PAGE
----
Making Sense of the 'Black Swan' Indicator at All-Time Highs

The CBOE SKEW Index (SKEW) is at all-time highs, suggesting traders are willing to pay up to hedge against tail risk

Oct 15, 2015 at 8:42 AM
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While we were sleeping ... the SKEW index hit all-time highs? What's SKEW? I don't know -- what's SKEW with you? (I'll be here all night. Try the veal!)

OK, sorry, it's just that I find it impossible to type "SKEW" without adding a terrible joke. Here's the Chicago Board Options Exchange (CBOE) quick description:

"The CBOE SKEW Index ("SKEW") is an index derived from the price of S&P 500 tail risk. Similar to VIX®, the price of S&P 500 tail risk is calculated from the prices of S&P 500 out-of-the-money options. SKEW typically ranges from 100 to 150. A SKEW value of 100 means that the perceived distribution of S&P 500 log-returns is normal, and the probability of outlier returns is therefore negligible. As SKEW rises above 100, the left tail of the S&P 500 distribution acquires more weight, and the probabilities of outlier returns become more significant."

The CBOE SKEW Index (SKEW) is essentially the relationship between the implied volatility of S&P 500 Index (SPX) out-of-the-money (OOTM) puts to comparable OOTM calls. The higher the number, the higher the SKEW -- that is to say, the higher relative premium investors/traders are willing to pay to hedge against tail risk. Over the course of time, SKEW looks like this, per CBOE:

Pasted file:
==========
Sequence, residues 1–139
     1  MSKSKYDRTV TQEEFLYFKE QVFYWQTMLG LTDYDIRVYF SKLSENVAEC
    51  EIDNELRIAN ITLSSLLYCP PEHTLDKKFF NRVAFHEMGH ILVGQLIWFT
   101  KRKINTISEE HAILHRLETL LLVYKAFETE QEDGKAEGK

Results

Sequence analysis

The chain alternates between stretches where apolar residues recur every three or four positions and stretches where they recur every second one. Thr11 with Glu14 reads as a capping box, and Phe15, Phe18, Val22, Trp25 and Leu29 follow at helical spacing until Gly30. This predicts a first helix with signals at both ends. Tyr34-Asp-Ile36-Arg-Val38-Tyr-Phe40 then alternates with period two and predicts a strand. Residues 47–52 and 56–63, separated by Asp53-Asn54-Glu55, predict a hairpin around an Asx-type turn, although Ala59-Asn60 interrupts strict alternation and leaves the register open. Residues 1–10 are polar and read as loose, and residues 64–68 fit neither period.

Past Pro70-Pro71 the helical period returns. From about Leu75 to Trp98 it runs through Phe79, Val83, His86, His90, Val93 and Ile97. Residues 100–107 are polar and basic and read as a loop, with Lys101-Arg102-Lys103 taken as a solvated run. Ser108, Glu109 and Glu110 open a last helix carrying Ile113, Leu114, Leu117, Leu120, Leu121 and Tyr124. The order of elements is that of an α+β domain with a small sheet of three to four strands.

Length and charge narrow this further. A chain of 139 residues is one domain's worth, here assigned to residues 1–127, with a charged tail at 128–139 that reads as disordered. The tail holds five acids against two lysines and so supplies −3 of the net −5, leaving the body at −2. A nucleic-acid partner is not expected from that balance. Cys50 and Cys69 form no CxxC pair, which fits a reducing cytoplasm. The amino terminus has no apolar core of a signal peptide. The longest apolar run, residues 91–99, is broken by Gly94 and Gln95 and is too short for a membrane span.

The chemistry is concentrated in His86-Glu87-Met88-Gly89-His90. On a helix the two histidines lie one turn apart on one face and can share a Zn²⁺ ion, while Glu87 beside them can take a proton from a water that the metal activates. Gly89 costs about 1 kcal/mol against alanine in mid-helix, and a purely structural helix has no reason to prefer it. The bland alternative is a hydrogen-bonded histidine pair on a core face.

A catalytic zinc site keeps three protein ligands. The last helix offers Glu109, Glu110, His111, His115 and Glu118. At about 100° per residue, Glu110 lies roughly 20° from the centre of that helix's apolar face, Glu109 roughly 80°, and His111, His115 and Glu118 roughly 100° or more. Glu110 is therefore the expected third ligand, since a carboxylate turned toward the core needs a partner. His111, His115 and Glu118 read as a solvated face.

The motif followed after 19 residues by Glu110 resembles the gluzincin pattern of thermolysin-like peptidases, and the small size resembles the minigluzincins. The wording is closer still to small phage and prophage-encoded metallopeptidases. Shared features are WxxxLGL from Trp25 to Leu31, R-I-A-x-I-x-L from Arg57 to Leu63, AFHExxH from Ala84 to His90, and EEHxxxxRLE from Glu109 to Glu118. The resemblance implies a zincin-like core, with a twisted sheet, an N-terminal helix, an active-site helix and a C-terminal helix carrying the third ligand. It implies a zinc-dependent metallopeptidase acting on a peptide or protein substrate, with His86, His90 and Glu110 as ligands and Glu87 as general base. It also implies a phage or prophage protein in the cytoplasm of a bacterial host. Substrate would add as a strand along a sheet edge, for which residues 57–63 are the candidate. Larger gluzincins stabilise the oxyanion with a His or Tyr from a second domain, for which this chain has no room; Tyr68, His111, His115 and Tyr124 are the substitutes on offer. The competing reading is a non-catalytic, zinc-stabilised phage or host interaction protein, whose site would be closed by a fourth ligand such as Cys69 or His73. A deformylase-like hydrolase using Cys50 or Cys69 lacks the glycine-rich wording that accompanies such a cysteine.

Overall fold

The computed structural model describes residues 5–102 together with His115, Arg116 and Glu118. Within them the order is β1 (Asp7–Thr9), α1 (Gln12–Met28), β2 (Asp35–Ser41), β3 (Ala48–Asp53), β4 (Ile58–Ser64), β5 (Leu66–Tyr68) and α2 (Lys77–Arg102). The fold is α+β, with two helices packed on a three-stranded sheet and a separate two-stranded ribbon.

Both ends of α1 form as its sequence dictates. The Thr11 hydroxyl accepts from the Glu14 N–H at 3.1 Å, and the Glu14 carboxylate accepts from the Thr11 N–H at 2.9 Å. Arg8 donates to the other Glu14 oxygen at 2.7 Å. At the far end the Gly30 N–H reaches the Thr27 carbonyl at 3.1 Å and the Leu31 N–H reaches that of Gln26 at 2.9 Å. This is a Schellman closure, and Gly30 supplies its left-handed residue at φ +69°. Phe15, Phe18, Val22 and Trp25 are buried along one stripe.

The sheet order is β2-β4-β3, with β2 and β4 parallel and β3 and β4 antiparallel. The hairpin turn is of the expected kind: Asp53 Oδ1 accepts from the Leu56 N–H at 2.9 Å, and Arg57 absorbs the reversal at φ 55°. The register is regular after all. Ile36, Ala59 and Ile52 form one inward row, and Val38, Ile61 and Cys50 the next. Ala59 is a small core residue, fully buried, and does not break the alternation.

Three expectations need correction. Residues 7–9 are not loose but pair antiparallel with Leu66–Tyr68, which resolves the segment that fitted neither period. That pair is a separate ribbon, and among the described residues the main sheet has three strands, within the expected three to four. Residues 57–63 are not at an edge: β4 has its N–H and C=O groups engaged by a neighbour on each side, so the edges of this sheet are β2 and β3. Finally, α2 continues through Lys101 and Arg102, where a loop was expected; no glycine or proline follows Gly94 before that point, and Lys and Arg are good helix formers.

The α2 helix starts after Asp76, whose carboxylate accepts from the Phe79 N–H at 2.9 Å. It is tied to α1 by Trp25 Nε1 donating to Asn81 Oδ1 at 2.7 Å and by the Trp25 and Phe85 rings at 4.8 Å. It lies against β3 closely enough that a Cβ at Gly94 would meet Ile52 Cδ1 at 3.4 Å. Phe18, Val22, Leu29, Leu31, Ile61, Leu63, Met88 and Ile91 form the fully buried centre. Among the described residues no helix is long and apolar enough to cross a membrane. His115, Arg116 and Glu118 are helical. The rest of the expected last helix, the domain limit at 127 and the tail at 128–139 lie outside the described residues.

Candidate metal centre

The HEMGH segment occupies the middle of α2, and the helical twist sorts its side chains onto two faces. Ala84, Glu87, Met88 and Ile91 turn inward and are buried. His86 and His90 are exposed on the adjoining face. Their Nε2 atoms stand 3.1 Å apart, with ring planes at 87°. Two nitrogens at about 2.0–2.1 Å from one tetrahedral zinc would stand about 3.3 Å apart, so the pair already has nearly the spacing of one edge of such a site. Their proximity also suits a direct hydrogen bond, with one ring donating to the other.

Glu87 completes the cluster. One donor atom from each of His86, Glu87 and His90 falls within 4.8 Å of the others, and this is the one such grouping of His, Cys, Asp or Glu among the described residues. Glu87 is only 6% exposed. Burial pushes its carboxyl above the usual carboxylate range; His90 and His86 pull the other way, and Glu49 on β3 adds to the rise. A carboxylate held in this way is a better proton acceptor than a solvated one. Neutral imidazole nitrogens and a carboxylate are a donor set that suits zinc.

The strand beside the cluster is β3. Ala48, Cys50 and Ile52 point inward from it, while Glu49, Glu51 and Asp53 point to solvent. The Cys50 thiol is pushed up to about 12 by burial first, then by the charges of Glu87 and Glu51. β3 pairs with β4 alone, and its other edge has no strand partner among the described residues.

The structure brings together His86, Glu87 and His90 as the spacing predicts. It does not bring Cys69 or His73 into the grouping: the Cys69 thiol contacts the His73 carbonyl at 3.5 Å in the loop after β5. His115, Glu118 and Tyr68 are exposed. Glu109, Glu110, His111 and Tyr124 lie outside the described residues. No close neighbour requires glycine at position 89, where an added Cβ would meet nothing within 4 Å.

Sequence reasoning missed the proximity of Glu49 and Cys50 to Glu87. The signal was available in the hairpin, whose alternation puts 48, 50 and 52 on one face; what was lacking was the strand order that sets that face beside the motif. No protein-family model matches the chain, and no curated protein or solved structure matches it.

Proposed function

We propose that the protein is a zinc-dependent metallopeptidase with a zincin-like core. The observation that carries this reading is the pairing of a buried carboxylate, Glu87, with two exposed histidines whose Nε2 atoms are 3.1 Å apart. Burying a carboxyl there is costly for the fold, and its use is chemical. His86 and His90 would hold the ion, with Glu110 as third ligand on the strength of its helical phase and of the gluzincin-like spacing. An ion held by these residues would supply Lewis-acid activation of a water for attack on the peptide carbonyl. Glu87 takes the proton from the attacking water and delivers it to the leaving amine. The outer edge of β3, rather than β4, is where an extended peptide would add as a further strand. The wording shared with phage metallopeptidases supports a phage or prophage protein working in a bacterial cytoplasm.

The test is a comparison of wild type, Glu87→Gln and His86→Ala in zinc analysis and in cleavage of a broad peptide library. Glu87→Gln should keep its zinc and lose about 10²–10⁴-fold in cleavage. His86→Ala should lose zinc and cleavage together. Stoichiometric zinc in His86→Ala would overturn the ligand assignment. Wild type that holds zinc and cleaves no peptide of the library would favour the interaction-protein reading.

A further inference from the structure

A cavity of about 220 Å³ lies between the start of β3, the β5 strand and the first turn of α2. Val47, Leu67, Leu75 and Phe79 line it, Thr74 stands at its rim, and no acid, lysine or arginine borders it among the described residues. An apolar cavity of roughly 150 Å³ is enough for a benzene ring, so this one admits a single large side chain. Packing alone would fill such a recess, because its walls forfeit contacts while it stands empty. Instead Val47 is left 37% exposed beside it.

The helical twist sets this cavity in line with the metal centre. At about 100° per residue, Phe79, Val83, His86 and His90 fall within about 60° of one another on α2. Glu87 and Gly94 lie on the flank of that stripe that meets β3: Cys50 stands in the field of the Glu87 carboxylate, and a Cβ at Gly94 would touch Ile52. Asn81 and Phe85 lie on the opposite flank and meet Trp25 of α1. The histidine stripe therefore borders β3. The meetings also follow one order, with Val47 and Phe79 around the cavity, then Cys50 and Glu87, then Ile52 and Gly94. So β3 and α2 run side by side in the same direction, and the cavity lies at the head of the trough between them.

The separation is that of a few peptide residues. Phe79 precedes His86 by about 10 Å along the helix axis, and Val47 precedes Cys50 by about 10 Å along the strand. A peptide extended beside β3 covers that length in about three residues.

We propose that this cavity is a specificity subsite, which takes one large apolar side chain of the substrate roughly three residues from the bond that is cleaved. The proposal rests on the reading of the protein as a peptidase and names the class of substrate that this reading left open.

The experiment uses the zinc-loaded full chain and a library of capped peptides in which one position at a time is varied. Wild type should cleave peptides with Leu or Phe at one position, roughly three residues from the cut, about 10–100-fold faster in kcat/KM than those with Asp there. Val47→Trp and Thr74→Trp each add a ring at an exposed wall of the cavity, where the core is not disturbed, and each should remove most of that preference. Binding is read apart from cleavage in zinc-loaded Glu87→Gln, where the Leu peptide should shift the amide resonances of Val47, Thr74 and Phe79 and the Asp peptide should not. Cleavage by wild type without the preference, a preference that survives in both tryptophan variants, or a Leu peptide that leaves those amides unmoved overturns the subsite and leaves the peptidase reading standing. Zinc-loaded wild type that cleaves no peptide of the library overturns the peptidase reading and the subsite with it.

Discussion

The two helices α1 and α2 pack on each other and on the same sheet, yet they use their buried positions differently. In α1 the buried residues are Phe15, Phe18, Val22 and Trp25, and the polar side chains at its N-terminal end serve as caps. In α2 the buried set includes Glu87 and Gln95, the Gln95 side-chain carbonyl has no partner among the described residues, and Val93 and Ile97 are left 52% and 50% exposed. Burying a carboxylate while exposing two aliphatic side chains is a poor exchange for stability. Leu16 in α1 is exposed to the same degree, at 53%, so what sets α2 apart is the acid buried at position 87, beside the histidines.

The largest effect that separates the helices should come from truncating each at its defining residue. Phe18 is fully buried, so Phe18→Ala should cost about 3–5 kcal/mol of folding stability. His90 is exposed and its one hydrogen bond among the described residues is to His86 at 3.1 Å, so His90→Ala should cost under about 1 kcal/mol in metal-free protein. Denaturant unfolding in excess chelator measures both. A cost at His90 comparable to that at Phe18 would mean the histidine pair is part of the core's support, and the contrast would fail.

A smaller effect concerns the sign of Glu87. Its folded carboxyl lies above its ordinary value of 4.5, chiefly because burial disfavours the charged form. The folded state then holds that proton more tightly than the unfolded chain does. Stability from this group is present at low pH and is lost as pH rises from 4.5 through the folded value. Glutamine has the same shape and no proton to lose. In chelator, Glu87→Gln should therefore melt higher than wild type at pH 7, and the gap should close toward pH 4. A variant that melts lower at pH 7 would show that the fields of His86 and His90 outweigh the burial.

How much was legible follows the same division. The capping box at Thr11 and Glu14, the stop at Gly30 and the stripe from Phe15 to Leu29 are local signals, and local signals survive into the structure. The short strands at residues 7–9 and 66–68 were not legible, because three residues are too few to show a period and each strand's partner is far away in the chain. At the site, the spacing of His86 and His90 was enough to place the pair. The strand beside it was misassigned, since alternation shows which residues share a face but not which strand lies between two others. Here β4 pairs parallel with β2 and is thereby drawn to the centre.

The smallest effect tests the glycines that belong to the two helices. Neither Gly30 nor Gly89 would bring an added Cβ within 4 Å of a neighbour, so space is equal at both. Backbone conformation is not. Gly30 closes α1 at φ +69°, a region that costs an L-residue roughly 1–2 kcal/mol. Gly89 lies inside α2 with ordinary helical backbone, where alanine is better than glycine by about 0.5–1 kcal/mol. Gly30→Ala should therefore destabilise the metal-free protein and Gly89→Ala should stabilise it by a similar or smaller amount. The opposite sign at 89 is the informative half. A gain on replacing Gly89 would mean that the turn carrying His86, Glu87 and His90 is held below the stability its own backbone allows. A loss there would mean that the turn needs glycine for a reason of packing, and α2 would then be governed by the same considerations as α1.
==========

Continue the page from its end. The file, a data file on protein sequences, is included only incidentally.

151014agw1

Basically, a big blue blob in a slow uptrend over the last seven years. More recently, however, it has spiked to new highs:

151014agw2
Chart courtesy of StockCharts.com


What's it all mean? Historically, not a whole lot. Dana Lyons has a great write-up on the topic that I can't do justice with one clipped 'graph. But here's that 'graph:

"The average level of the Skew last year was far above any other year since the Skew's inception in 1990. This persistently high Skew for so long, along with the cluster of Skew extremes above 140 might understandably make one skeptical of the indicator's usefulness as a tail risk warning. That's because, outside of the October 2014 selloff, there has been precious little in the way of stock declines following these recent high readings. And while there has been limited intermediate-term upside following these readings, there has certainly been no black swan event."

This makes some sense, intuitively. In regards to low SKEW, the CBOE says that means "the probability of outlier returns is therefore negligible."

No. That means the marketplace is assigning a low probability of the outlier. Likewise, of course, high SKEW means the marketplace is assigning a high probability.

Why is that different? The CBOE assumes it says something about the probability of the actual event happening. Rather, it's the market's perception of that probability. And markets are often wrong. Sentiment tells are more often contra-tells than predictive tells. It's exactly the same principle as a high CBOE Volatility Index (VIX) reading. At times it proves prescient; but way more often than not, it's a sign that fear has gone too far.

Like VIX also, it's a tool that quantifies actual "bets" with actual money. And if those bets lean too far one way, it's not uncommon to see those bets go bad. If nothing else, it implies natural buyers into weakness.

I do like it as a tool to augment VIX. In fact, it's going to tend to give you signals at times VIX doesn't. That's because high SKEW will tend to show up at times of lower VIX. When VIX is high, you're just not going to see excessive bid up in OOTM puts vs. calls. The question is whether we can read anything into those signals, and I'd agree with Dana Lyons' conclusion that the results are mixed.

Disclaimer: Mr. Warner's opinions expressed above do not necessarily represent the views of Schaeffer's Investment Research.

 

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